Karen Runge “Seeing Double” Review

Posted: March 6, 2018 in Reviews, Uncategorized
Tags: , , , ,

BOOK INFO

Length: 260 Pages

Publisher: Grey Matter Press

Release Date: July 24, 2017

Review copy provided by publisher in exchange for an honest review

Seeing Double is Karen Runge’s debut novel, coming from one of the best horror publishers around Grey Matter Press. This was one of the novels I was really looking forward to this year as I have been impressed with Runge’s writing ever since I read her story “Hope is Here” in the outstanding anthology Suspended in Dusk, which was edited by Simon Dewar. After that I was hooked, looking out for her short stories whenever they appeared in an anthology and then being blown away when I read her brilliant debut collection Seven Sins. While her talent is on evident display in her standalone stories, this collection is incredibly impressive and showcases her willingness to take risks with her stories. There were a few that utilized interesting structures that only added more power to her words. Needless to say when I caught wind of her debut novel Seeing Double, I could barely contain my excitement.

Seeing Double focuses on Ada and Daniel, a married expat couple living in Asia. They compliment each other perfectly and while many who encounter them would dismiss them as an average, run-of-the-mill couple, there is more to their relationship that meets the eye. Ada and Daniel harbor a dark secret, one that only they know of and they never share with anyone else. However, that all changes when Daniel meets Neven, a mysterious stranger that seems to share similarities with Daniel and Ada. The trio form a relationship built around mutual attraction and it isn’t long until Ada and Daniel share their secret with Neven. As their relationship grows and they push each other into increasingly extreme situations, their boundaries are put to the test and the only possible outcome is that their lives will never be the same.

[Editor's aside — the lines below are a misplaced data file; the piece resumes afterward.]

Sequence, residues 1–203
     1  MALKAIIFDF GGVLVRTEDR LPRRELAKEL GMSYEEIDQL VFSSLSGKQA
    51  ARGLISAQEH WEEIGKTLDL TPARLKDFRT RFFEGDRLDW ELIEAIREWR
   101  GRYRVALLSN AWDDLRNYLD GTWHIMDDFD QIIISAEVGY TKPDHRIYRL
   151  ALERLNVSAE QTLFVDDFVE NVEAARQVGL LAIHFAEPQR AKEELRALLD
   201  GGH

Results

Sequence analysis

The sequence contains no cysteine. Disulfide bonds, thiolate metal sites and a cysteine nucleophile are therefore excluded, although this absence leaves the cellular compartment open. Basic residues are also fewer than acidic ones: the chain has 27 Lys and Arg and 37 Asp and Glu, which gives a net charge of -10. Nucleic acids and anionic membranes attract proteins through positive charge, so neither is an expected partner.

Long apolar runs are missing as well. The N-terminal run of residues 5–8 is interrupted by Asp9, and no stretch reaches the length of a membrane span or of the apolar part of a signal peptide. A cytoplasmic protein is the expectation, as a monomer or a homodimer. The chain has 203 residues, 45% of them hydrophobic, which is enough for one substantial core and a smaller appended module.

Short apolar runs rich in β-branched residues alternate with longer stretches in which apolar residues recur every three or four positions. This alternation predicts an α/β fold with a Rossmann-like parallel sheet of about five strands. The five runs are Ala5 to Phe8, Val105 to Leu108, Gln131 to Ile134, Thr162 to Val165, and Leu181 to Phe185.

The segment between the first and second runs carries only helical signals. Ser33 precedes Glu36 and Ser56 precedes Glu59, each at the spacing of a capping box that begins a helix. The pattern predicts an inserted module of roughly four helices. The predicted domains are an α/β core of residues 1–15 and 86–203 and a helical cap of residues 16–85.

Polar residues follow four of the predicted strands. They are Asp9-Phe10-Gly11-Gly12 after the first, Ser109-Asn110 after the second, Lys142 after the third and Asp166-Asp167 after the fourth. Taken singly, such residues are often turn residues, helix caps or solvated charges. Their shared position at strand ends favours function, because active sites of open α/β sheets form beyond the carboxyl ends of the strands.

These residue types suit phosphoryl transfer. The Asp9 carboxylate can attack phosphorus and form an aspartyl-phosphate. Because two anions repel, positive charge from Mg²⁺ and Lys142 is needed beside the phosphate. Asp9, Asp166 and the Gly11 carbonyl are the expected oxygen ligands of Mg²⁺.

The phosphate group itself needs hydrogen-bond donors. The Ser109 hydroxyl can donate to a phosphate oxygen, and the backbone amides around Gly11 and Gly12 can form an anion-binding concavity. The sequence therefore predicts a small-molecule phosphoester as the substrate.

Seeing Double is a character driven piece focusing almost exclusively on the three primary characters – Ada, Daniel, and Neven. Their lust and feeling of power and control are brutal to witness in that they have no regard for those that get trapped in their orbit. Runge breathes life into these characters by giving them rich personalities that are shaped by the trauma they experienced at various points in their lives. This is important because there is a heavy psychological element to this story and the tension that arises throughout the novel is dependent on the author’s ability to create realistic characters and Runge accomplishes that with ease. Ada and Daniel work well together, like a well-oiled machine. They are predators in every sense of the word, and the fact they have spent so much time together allows them to read each others cues and send each other messages non-verbally as to not alert their targets. While there is a section of the novel where a character mentions that past trauma did not necessarily get them to this point, there is no denying that each of these characters have been through some rough situations that certainly played a role in their current situations.